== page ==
Shakil Afridi, a doctor the CIA recruited to help in the search for Osama bin Laden, told Pakistani interrogators Save the Children played a role in his becoming involved with the CIA, The New York Times reported.
Save the Children, one of the largest aid groups working in Pakistan, denies the allegations though Pakistani officials said they have "concrete proof" backing Afridi's story, the British newspaper The Guardian reported Wednesday.
"Pakistan carried out a thorough investigation involving all our leading agencies," a Pakistani intelligence official told The Guardian. "It was one of the longest investigations in our history. It is a very serious matter and the foreign staff were asked to leave only after concrete proof was uncovered."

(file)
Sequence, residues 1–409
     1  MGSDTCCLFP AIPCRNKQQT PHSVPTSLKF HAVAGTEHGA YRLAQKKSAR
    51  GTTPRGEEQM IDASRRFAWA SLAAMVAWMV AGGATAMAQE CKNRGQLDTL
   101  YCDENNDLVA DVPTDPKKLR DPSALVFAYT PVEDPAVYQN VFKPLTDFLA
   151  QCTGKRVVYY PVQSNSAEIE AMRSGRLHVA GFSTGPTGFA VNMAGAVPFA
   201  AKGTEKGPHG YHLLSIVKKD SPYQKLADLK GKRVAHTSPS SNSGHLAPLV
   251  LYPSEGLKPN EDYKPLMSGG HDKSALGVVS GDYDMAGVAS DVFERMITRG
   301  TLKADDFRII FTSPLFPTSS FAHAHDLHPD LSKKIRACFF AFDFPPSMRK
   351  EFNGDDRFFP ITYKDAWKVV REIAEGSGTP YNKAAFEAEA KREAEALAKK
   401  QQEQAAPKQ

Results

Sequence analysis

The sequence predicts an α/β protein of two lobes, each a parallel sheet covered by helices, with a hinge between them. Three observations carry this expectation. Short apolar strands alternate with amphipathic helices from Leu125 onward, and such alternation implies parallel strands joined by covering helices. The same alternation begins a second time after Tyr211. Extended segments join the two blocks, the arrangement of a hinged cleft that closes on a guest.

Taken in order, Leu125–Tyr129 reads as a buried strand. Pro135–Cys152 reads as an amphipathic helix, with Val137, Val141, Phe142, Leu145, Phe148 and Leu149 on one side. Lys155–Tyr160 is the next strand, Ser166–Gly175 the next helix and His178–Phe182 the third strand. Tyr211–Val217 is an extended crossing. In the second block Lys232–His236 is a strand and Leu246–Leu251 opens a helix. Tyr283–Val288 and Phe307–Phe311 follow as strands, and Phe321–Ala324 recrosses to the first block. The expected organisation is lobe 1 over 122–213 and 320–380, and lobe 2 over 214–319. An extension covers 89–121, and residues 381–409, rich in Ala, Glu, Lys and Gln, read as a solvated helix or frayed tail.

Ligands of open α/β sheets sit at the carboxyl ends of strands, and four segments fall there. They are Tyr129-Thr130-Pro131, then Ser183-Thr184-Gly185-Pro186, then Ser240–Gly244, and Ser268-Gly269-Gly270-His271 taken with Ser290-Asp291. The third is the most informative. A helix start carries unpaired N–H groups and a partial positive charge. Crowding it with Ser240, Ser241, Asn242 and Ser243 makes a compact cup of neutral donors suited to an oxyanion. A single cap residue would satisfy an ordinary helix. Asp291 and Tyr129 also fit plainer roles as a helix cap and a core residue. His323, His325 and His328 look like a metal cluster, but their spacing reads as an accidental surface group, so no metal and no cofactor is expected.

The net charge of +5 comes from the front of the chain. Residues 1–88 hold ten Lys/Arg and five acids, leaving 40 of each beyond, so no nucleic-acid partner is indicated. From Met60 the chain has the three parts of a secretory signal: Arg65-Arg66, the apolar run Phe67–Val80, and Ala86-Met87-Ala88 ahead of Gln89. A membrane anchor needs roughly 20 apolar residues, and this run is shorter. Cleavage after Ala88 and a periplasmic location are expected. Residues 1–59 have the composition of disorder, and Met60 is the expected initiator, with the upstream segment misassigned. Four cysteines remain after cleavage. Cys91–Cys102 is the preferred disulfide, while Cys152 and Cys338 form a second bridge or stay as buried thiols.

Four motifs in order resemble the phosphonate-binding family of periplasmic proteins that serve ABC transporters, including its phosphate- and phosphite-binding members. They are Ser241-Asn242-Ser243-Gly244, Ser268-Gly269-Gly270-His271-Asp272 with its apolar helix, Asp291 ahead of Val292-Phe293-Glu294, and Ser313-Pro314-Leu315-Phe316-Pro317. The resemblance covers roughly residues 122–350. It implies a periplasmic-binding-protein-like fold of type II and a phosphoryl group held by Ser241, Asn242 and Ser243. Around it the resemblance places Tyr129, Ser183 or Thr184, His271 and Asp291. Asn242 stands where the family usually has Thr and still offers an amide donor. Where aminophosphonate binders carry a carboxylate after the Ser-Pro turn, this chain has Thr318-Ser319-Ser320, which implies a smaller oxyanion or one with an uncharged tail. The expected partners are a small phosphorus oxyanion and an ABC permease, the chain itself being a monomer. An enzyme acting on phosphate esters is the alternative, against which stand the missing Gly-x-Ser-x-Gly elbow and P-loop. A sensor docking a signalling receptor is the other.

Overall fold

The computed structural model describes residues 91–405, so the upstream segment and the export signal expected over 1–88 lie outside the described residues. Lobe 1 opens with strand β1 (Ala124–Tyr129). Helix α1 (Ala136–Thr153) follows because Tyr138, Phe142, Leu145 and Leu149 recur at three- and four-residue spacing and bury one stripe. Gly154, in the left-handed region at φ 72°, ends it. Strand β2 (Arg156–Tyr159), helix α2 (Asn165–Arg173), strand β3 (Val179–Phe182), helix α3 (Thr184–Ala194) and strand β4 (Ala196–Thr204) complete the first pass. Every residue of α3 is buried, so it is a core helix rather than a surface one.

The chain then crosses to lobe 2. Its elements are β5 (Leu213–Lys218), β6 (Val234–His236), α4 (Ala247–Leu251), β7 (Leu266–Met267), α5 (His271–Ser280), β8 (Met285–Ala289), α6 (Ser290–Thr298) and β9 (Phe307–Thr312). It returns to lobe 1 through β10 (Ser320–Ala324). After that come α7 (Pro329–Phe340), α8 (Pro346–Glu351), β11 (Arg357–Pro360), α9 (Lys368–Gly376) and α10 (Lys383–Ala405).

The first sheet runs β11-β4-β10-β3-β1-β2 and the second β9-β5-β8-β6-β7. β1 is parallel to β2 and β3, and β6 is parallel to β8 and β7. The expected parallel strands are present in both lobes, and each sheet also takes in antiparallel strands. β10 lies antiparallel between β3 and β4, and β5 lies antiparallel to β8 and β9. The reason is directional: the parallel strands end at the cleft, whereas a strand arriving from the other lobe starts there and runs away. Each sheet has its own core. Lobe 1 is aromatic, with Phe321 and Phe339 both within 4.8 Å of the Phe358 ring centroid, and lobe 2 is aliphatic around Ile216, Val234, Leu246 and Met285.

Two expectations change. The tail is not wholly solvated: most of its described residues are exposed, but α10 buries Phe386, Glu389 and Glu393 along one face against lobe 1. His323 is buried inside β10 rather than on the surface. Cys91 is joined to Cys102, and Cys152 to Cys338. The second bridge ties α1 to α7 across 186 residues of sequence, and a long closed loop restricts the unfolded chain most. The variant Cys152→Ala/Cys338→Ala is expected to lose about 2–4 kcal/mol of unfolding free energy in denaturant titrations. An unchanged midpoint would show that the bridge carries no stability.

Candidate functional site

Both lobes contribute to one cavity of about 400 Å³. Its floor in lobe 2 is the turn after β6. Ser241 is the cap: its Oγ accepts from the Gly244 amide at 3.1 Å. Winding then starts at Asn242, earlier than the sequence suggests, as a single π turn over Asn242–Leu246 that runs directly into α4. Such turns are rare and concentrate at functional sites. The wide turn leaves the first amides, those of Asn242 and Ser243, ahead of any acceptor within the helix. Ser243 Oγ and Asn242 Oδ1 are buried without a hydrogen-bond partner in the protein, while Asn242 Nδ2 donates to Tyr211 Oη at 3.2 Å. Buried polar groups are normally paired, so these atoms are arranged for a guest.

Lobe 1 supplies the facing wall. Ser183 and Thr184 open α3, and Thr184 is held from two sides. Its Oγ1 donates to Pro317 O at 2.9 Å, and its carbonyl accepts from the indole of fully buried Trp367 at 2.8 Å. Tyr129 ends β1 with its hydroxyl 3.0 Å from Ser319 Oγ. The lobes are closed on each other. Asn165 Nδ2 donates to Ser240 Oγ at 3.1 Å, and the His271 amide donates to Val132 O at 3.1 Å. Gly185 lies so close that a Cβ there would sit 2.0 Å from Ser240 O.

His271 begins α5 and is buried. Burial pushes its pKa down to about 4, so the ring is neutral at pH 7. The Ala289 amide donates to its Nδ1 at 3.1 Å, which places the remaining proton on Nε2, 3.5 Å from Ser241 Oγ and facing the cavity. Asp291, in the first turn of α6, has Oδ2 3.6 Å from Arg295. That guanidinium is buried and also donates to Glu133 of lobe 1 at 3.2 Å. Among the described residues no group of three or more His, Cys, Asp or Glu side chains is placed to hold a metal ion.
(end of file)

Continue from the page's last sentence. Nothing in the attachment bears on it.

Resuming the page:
A statement from Save the Children Wednesday said it had "never knowingly employed anyone who works for the CIA, or any other security service."
Afridi was seen in some Pakistani circles as a traitor for his part in the U.S. hunt for bin Laden. That search ended May 2, 2011, when a team of U.S. Navy SEALs raided a compound in Abbottabad, Pakistan, and killed bin Laden, the al-Qaida leader who ordered the Sept. 11, 2011, attacks on the United States.
Save the Children said 2,000 Pakistani aid workers will "continue our daily work helping millions of children across Pakistan."